CNN LIVE EVENT/SPECIAL
President Bush Unveils NIH and Surgeon General Nominees
Aired March 26, 2002 - 13:45 ET
THIS IS A RUSH TRANSCRIPT. THIS COPY MAY NOT BE IN ITS FINAL FORM AND MAY BE UPDATED.
THIS IS A RUSH TRANSCRIPT. THIS COPY MAY NOT BE IN ITS FINAL FORM AND MAY BE UPDATED.
BILL HEMMER, CNN ANCHOR: In the meantime today, East Room of the White House, President Bush has now entered there. There you see the Health and Human Services Secretary Tommy Thompson. The announcement here, the nomination for next surgeon general.
We will go there live and listen in at the White House.
GEORGE W. BUSH, PRESIDENT OF THE UNITED STATES: Well, thank you, Tommy, very much. And welcome to the White House for this historic announcement. I appreciate your leadership, Tommy, in leading this administration's strong efforts to improve our nation's health care, to make sure that more Americans get affordable health care, better patient protections, that the system puts our patients first, the systems understands the importance of our docs and we value that relationship, patient and doctor.
I also want to assure our fellow Americans that we're going to make and are making an unprecedented commitment to medical research, and we're improving our public health system to make sure that we can respond quickly to any biological threat that our country may face, we're putting sound health care policies in place, and, as importantly, putting a quality team in place. And that's what we're here to discuss today.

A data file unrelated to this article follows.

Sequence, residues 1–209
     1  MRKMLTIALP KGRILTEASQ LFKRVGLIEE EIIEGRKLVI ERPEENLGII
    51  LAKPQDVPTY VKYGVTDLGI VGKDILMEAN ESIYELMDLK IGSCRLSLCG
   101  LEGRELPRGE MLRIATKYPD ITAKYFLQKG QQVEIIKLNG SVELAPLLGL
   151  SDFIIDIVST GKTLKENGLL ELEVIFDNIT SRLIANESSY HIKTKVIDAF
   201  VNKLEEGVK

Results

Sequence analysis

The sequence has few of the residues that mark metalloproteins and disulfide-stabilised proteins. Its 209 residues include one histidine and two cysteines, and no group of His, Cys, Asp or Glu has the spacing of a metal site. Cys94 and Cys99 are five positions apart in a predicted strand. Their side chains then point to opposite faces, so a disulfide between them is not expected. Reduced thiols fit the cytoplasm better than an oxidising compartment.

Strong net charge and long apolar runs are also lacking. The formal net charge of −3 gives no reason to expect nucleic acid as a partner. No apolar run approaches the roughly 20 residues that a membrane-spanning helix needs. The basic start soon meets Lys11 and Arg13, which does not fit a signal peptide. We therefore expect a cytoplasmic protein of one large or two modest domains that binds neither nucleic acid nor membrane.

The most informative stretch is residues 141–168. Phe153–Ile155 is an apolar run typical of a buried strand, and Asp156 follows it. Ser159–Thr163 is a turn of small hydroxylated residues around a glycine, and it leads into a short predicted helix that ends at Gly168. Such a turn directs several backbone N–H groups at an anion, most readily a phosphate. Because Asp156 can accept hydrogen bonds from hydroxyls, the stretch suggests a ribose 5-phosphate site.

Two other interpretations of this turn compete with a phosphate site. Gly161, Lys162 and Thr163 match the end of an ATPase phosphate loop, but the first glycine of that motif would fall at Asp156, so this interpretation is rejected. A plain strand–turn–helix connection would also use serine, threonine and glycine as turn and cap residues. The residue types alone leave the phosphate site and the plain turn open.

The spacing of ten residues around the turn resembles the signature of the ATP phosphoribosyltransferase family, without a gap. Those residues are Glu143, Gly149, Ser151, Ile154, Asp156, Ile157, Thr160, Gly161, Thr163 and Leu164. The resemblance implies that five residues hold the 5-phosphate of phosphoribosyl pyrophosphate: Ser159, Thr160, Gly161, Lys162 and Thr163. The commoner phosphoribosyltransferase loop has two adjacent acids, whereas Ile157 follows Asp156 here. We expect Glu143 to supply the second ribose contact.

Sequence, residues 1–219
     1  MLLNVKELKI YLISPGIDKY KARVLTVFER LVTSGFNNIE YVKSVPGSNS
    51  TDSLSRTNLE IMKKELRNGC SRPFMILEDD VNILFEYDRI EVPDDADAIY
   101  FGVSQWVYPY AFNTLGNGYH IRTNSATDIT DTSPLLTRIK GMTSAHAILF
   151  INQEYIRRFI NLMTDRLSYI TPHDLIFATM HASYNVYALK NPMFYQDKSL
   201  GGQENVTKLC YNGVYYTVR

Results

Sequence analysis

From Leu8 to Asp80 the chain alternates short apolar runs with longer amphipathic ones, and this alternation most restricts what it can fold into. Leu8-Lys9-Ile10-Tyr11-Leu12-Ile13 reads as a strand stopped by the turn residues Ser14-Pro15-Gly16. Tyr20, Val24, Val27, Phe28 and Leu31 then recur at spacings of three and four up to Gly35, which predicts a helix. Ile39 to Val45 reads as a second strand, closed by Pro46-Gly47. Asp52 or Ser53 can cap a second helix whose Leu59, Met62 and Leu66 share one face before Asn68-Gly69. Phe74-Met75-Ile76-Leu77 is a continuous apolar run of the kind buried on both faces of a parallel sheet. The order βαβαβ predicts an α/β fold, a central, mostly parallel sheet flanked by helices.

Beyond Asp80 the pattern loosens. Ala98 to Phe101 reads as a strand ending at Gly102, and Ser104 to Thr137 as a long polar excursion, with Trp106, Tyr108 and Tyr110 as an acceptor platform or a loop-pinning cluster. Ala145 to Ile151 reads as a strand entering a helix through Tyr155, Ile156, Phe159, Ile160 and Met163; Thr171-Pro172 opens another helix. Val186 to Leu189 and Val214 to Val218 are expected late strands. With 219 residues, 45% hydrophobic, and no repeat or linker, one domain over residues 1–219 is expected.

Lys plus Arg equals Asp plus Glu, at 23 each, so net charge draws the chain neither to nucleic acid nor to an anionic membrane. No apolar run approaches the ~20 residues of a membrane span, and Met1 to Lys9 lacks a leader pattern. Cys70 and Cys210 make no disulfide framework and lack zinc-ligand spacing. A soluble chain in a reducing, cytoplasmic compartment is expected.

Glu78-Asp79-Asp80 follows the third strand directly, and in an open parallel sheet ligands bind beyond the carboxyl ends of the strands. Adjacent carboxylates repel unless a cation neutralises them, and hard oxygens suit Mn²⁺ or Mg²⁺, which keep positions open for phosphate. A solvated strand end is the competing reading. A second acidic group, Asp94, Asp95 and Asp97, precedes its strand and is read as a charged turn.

It is my honor to nominate two fine men to head important government institutions, to take important jobs. My nominee to lead the National Institute of Health is Elias Zerhouni. And my nominee as the next surgeon general is Richard Carmona. These are distinguished physicians who have worked tirelessly to save lives and to improve lives.
They bring exceptional knowledge and skill to these critical jobs. And they are absolutely dedicated to improving the health and well-being of all Americans.
It is my honor to welcome their families here as well. Thank you for all coming. Nadia (ph) Zerhouni and her children, and Diane (ph) Carmona and her children. We welcome you all, and we're glad you're here.
I want to thank the acting NIH director, Ruth Kirschstein, for being here as well.
Where are you, Ruth? Thank you so much, Ruth, for a fine job. I appreciate the acting surgeon general.
Ken, where are you? Ken, thank you for being here, and thank you for your fine job as well.
I want to thank the former NIH director, Harold Varmus, for being here.
Antonia Novello is here.
Thank you, Antonia. I remember you.
He was the former surgeon general under 41.
And I'm so pleased that former House minority leader Bob Michel, for Senator Dennis DeConcini of Arizona, former Congressman John Porter as well from Illinois is here. Thank you all for coming. We're honored you're here.
And I also want to thank the ambassador from Algeria for being here as well. Thank you all for coming.
The National Institutes of Health is entering a new era of medical promise. NIH researchers recently cracked the genetic code; an amazing achievement with enormous potential benefits. New diagnostic tools are alerting patients when they an elevated risk of certain diseases, so they can take an active role in preventing them.